Fiji Rugby Union
SportRugby union
Founded1915; 109 years ago (1915)[1] (1915; 109 years ago (1915)[1])
PIRA affiliation2002
WebsiteOfficial Website

Fiji Rugby Union (FRU) is the governing body for the sport of rugby union in Fiji. It is divided into over 30 provincial unions. The Fiji Rugby Union is a member of the Pacific Islands Rugby Alliance (PIRA), along with Samoa and Tonga. There are approximately 80,000 registered players from a total population of around 950,000.

National teams

International 15s

Main article: Fiji national rugby union team

Otherwise known as the "Flying Fijians," the team gained No 9 in the IRB World Rankings after defeating Wales to enter the 2007 Rugby World Cup but slid down No 11 as a result of losses in the 2008 IRB Pacific Nations Cup. They sit 8th in the IRB world rankings as of 26 November 2018.

International 7s

Main article: Fiji national rugby sevens team

Fiji has won the Rugby World Cup Sevens twice, in 1997 and the 2005. They also play in the World Rugby Sevens Series, an annual circuit of eight tournaments around the world, winning the series in 2006 and ending the six-year reign of New Zealand on that circuit. However, they lost the title to New Zealand in 2007, and did not win any tournaments in the 2007–2008 Series. Fiji has shone in rugby sevens, finishing the 2013 Sevens World Series third behind New Zealand and South Africa.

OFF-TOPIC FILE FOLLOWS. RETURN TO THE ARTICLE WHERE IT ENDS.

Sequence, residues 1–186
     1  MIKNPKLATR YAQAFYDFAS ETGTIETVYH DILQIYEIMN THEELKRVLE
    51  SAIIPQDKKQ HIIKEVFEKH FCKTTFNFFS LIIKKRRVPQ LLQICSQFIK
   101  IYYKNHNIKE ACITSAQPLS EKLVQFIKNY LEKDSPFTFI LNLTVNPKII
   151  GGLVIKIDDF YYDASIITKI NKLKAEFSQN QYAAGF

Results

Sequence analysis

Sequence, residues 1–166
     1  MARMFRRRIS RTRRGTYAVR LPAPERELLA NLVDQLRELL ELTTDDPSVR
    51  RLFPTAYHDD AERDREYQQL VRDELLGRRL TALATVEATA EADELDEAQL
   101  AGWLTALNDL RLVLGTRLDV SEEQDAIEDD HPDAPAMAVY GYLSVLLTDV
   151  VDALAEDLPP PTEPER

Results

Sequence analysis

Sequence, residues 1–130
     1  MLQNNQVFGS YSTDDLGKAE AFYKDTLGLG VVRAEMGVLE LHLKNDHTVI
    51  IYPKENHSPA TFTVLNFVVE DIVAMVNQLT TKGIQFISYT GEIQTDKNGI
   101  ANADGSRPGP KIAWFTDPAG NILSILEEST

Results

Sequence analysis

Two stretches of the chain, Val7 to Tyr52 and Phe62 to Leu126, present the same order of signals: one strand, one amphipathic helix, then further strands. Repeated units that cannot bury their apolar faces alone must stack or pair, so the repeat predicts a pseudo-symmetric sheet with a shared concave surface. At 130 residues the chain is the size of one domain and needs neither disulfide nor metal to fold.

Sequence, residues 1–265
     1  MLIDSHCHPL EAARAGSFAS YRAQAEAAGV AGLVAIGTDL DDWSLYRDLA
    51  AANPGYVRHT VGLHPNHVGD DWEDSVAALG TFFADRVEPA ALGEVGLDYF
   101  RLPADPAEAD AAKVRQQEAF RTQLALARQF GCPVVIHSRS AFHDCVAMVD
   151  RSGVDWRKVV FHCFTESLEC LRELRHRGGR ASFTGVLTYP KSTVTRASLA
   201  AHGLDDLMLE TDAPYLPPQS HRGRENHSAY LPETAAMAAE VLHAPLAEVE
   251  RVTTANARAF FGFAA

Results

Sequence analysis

Other teams

Other teams include the Fiji A "Warriors", Fiji Under 20 team (competing at the annual IRB Junior World Championship), other age group international teams, and a women's team, currently under development and hoping for an invitation to the Women's Rugby World Cup.

Domestic competition

Rugby union being played in Fiji

The national provincial Premier championship is the Skipper Cup competition.

A professional six team domestic competition, the Colonial Cup (similar in design to Super Rugby), ran from 2004 to 2008. Before this, Fiji had 12 Division One teams. Five teams were made up of the players from the 12 Division One teams, based on regional lines, with the aim of creating a "more competitive competition that leads on and provides a higher level of competitive domestic rugby".

The FRU also has developed a base pay for players at international level.

Domestic competitions include the Farebrother-Sullivan Trophy, and a domestic 7s tournament.

Former office bearers

See also


  1. ^ Richards, Huw (2006). A Game for Hooligans: The History of Rugby Union. Mainstream Publishing. p. 117. ISBN 1-780-57328-6.
  2. ^ "Mai Life". Archived from the original on 20 November 2008.